Skip to main content
website name text

Does Pennsylvania Have Sovereign Immunity?

Does Pennsylvania Have Sovereign Immunity?

Philadelphia Personal Injury Lawyers

Sovereign immunity is the idea that you can’t bring a lawsuit against the government. The theory is that the government is like the king of a monarchy, and they can’t be held legally liable even if they cause harm. Does Pennsylvania have sovereign immunity? Is it modified or conditional? Our Philadelphia personal injury attorney team at Rosen Justice explains.

Does Pennsylvania have sovereign immunity?

The Commonwealth of Pennsylvania has sovereign immunity. 1 Pa.C.S. § 2310 says that the Commonwealth, its officials and its employees maintain sovereign and official immunity except when waived. Notably, there are circumstances where the Commonwealth waives immunity and allows individuals to bring legal claims against government entities and subdivisions.

What is the Pennsylvania Sovereign Immunity Act?

The Pennsylvania Sovereign Immunity Act is 42 Pa.C.S. § 8522. It lists situations where the Commonwealth of Pennsylvania waives its immunity. There are many different circumstances where immunity is waived, including:

  • Car accidents; other vehicle accidents
  • Railway accidents
  • Boating accidents
  • Aviation accidents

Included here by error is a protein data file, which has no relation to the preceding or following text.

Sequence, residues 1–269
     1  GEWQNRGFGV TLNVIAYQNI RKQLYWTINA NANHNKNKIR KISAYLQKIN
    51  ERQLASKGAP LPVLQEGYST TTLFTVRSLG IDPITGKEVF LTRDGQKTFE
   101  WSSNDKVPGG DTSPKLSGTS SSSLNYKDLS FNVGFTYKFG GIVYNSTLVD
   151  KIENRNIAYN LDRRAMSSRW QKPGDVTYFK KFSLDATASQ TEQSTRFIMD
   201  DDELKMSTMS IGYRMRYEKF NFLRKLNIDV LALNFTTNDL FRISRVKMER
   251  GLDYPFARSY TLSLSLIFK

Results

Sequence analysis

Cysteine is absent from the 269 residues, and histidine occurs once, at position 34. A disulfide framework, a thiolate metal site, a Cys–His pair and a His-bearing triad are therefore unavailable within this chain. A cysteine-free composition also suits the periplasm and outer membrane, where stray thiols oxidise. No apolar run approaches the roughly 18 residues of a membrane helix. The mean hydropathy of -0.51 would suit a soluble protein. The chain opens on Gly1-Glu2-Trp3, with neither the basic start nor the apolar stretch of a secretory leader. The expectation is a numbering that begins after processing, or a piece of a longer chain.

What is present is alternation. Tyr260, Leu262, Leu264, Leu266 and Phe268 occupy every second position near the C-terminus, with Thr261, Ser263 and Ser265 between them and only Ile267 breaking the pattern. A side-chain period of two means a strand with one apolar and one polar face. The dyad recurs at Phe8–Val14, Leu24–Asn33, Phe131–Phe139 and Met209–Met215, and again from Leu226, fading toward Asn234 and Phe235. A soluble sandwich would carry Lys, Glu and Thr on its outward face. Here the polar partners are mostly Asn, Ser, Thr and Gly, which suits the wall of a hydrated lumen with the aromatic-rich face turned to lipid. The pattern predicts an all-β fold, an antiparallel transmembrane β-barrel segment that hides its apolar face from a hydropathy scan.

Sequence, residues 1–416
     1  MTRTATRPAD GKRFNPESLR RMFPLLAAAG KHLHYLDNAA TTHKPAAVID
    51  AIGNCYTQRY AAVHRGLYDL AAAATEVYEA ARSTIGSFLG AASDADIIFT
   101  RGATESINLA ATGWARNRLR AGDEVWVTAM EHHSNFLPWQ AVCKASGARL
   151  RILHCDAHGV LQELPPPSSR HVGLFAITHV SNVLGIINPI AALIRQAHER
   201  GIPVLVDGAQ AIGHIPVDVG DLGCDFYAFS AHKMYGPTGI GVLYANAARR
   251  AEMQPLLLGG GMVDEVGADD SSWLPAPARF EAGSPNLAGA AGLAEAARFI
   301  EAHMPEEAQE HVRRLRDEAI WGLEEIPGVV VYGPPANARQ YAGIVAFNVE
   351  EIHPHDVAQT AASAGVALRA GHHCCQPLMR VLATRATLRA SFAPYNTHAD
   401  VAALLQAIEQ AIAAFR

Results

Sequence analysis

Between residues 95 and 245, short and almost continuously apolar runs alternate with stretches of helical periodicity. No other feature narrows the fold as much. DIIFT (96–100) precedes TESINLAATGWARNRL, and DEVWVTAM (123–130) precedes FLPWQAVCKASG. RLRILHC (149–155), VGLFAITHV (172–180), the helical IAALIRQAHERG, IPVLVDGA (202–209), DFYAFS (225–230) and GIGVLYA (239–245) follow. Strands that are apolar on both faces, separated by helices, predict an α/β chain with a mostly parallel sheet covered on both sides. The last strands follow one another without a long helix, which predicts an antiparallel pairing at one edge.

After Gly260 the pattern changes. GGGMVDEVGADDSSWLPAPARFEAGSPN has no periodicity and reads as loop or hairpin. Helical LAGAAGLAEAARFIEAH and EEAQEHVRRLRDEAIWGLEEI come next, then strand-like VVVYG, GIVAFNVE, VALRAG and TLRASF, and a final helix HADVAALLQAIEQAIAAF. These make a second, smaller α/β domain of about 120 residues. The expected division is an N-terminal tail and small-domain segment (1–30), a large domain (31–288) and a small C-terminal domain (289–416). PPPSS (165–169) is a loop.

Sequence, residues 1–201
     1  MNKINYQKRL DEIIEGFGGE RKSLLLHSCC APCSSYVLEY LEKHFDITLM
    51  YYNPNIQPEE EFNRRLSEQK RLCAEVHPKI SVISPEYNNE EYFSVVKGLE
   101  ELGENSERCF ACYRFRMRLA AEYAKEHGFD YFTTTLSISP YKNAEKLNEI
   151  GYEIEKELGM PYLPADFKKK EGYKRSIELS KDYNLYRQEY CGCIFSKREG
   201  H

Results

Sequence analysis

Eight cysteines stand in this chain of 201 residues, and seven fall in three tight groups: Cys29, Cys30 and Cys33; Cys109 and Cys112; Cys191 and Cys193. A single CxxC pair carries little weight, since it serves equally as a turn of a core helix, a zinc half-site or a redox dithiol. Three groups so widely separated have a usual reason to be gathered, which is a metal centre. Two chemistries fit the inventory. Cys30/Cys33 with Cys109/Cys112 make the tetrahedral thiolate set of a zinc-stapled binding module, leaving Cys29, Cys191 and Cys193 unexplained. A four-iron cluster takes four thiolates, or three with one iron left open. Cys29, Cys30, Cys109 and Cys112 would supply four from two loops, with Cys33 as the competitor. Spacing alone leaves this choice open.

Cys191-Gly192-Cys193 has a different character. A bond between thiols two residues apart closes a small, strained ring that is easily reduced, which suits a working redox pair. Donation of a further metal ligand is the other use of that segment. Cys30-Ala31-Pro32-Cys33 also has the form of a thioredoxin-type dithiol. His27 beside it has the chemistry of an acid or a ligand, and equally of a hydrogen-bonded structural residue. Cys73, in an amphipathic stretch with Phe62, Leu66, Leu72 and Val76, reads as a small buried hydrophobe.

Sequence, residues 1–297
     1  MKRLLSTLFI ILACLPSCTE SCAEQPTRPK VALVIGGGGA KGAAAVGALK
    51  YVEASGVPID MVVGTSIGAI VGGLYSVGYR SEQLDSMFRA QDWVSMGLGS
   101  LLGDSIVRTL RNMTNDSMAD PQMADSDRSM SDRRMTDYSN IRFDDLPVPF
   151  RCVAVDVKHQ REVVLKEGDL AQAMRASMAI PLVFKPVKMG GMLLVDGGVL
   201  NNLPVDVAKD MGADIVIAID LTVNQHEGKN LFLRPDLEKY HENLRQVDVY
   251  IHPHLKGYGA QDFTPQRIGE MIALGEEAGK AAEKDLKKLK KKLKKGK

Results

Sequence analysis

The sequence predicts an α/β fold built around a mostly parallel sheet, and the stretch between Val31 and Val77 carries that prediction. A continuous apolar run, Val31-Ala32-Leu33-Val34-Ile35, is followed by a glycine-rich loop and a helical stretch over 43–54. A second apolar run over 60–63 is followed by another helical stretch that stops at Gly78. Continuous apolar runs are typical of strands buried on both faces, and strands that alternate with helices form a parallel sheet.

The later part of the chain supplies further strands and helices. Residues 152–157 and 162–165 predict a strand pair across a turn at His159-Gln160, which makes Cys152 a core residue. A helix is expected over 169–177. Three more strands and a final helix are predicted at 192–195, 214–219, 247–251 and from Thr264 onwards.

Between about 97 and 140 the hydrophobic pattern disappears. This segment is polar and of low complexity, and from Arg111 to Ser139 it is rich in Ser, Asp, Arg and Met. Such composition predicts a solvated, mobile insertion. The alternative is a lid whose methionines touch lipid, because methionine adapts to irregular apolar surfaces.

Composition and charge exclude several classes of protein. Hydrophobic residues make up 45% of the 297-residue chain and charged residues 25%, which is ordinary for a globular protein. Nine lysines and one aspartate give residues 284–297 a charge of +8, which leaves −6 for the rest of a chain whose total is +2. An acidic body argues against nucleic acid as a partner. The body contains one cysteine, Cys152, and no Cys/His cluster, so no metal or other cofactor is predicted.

• Medical malpractice
  • Care, custody and control of personal property
  • Premises liability; dangerous conditions on property
  • Potholes; other dangers on highways
  • Liquor sales
  • Toxoids and vaccines (in limited circumstances)
  • Sexual abuse

If an exception applies, it may be possible to claim compensation from the Commonwealth of Pennsylvania despite the principles of sovereign immunity. A personal injury attorney near me can evaluate your case to see if you qualify to bring a claim.

How to bring a claim against the Commonwealth of Pennsylvania

Even you qualify to bring a claim through one of the Sovereign Immunity Act exceptions, there are some important things to know about how the process works. There are a few key differences in claims against the Commonwealth of Pennsylvania and claims against other parties.

Notice requirements

Pa.C.S. § 5522 creates notice requirements for plaintiffs bringing claims against the Commonwealth of Pennsylvania. A plaintiff has six months to file a notice of their claim with the appropriate entity. There are requirements for what needs to be in the notice so that government representatives can effectively investigate and respond.

Limitations on damages

Damages may be limited in claims against the Commonwealth. § 8528 of the Sovereign Immunity Act explains what damages caps apply. In general, the limit for a single occurrence is $250,000 per person or $1,000,000 per incident. The statute also states limitations for the types of damages that may be claimed.

Attorney for Pennsylvania Sovereign Immunity Act Claim

Our Philadelphia personal injury lawyers can represent you in your claim against the Commonwealth of Pennsylvania or a political subdivision. You can bet that the government is going to have a team of attorneys representing them. When you work with an experienced attorney, you can have a level playing field.

Rosen Justice handles injury claims including claims involving sovereign immunity. When you need a ‘personal injury attorney near me’, our team provides aggressive, customized legal representation. Notice periods in sovereign immunity claims are short. Contact us today to begin your claim.

card outline

No One Will Work Harder For You If You`ve Been Injured, You Need To

Call us for free consultation!
call us(267) 490-3434